He discussed how much of a risk it was developing Fargo as he didn't want to be the man who made a crappy TV series based on a much-loved movie. However he ultimately made a judgement on how much he loved the script and he was glad that following his cut paid off in this case. 

    He talked about how It's Always Sunny in Philadelphia was the show that surprised him the most as it came from an unknown creator in Rob Mcelhenney who kept his job as a waiter until the beginning of season two as he didn't feel the show would take off. Although it initially wasn't a hit with critics and audiences it has now found its feet and will soon be the second longest running live action sitcom of all time. 


     He recalls working with Louis CK on Louie and how he originally didn't want any notes on the script and was willing to work with a smaller budget as a result. However he eventually realised that getting the notes from John and his team helped the creative process as a whole. 

     Finally he previewed two of FX's upcoming shows that he felt would be big hits. The first was American Crime Story, which he described as a smart satire focusing on the trial of OJ Simpson. Meanwhile the other is an odd comedy called Baskets starring Zach Galifianakis as a man whose dream in life is to become a Rodeo Clown. 

Michael Ellenberg (HBO)

*Contains Spoilers*


HBO's executive vice-president of programming talked in depth about what his network was looking for and his simple answer was great things. He liked any show that you could reduce to a one-liner and used the example of True Detective saying it was essentially about a mass murder in the south. Additionally he said that HBO were always on the outlook for genres they hadn't worked on up to that point. 

When asked what shows he felt defined HBO he cited The Wire has it had a specific impact on him. At the time he was working as a film producer and what blew him away was that the multi-season structure of the show is something that he could never do in cinema. He felt in terms of its themes The Wire was ahead of its time and had an endless group of characters that you fell in love with.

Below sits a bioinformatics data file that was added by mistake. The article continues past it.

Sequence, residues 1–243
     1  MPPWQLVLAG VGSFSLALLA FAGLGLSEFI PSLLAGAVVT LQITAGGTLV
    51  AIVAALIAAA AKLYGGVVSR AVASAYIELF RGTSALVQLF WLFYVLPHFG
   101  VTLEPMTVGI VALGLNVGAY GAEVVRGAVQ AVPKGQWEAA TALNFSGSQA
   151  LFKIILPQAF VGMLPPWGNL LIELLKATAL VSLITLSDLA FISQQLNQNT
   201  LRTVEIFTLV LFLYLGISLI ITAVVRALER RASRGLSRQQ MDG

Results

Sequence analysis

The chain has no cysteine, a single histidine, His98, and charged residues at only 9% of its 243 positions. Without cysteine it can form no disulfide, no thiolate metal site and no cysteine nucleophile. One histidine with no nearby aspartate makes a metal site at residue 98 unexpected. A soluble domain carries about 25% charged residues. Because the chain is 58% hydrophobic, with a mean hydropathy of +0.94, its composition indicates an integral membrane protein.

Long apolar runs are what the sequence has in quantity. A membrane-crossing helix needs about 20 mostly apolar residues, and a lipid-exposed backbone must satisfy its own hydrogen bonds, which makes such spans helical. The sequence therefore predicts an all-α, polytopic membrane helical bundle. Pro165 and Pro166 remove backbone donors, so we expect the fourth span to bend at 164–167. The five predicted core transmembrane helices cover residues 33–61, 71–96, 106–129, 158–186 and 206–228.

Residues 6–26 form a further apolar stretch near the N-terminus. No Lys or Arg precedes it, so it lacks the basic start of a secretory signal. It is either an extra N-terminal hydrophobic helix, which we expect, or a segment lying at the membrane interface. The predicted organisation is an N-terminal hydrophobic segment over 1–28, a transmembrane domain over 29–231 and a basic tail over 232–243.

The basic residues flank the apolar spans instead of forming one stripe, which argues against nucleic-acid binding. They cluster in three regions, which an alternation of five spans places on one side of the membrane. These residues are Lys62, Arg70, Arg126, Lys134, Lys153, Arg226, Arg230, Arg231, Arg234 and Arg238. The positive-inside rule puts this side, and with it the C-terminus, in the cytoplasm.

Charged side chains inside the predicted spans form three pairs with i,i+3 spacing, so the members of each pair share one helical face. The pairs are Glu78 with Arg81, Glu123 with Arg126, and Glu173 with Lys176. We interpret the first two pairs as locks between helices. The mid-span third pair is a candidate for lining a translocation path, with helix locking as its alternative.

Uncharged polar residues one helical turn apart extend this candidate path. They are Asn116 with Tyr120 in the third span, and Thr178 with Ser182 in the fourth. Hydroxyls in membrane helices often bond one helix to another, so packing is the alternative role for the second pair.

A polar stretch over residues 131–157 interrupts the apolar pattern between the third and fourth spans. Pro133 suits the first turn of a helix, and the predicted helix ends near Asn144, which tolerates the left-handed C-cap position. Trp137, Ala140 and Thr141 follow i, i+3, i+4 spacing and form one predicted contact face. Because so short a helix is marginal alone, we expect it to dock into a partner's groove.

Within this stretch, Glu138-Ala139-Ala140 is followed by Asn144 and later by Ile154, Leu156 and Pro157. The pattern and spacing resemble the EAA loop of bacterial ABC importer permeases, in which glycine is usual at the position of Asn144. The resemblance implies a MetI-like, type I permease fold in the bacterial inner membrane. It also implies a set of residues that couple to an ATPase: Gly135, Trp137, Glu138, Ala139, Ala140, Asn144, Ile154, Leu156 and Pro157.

He previewed upcoming drama Vinyl which is set in the A&R department of a record label during the 1970s. He said he initially struggled with putting a musical drama on the screen but felt it worked due to the fact that it features a lot of songs that people love. Vinyl is also the second collaboration between HBO and Martin Scorsese following the successful Boardwalk Empire

The second show that Michael previewed was sci-fi drama Westworld which was very loosely based on the film of the same name. Where the TV show differs is that it looks at things from the point of view of the robots in the Western themed theme park as they begin to develop consciousness. 

There was also talk of some of the big names that were coming to HBO in the near future with director Steve McQueen developing a six-part series for the network whilst Nicole Kidman and Reese Witherspoon were also working on a one-year series based on the Big Little Lies series of books. 


When asked about Game of Thrones, Michael said that he didn't know how phenomenal it would become because a big fantasy show of that nature had never been attempted before. However he also felt that the show is mainly about the characters and about the themes of politics, family and loyalty. 

When questioned about the use of British actors in the show he felt that it added a consistent language to the show and also allowed him to dip into a great pool of acting talent. 

Finally he confirmed that Jon Snow is absolutely dead. 

-        

No comments:

Recent Posts 2

Popular Posts Logo

Popular Posts

Popular Posts